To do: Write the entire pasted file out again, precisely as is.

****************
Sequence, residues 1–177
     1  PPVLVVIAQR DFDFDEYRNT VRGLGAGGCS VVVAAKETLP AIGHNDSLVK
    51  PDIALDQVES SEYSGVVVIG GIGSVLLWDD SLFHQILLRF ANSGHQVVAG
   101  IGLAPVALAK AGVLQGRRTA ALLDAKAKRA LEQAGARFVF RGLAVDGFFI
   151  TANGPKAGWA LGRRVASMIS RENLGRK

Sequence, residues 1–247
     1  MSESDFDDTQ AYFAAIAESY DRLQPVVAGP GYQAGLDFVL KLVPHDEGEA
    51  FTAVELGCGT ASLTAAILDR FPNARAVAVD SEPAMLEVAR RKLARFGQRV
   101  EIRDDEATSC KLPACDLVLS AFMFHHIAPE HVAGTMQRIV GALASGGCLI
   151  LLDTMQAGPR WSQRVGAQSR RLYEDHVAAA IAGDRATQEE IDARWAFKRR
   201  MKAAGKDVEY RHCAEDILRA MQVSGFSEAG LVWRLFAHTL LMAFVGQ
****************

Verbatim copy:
Sequence, residues 1–177
     1  PPVLVVIAQR DFDFDEYRNT VRGLGAGGCS VVVAAKETLP AIGHNDSLVK
    51  PDIALDQVES SEYSGVVVIG GIGSVLLWDD SLFHQILLRF ANSGHQVVAG
   101  IGLAPVALAK AGVLQGRRTA ALLDAKAKRA LEQAGARFVF RGLAVDGFFI
   151  TANGPKAGWA LGRRVASMIS RENLGRK

Sequence, residues 1–247
     1  MSESDFDDTQ AYFAAIAESY DRLQPVVAGP GYQAGLDFVL KLVPHDEGEA
    51  FTAVELGCGT ASLTAAILDR FPNARAVAVD SEPAMLEVAR RKLARFGQRV
   101  EIRDDEATSC KLPACDLVLS AFMFHHIAPE HVAGTMQRIV GALASGGCLI
   151  LLDTMQAGPR WSQRVGAQSR RLYEDHVAAA IAGDRATQEE IDARWAFKRR
   201  MKAAGKDVEY RHCAEDILRA MQVSGFSEAG LVWRLFAHTL LMAFVGQ